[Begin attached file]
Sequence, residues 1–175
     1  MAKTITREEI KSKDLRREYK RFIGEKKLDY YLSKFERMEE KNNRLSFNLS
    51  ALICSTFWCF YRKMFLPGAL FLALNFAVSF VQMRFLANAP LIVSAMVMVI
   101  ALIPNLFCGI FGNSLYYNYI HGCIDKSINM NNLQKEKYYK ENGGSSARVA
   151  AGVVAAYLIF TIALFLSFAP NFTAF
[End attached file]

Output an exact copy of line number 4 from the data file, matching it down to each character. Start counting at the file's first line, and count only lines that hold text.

   101  ALIPNLFCGI FGNSLYYNYI HGCIDKSINM NNLQKEKYYK ENGGSSARVA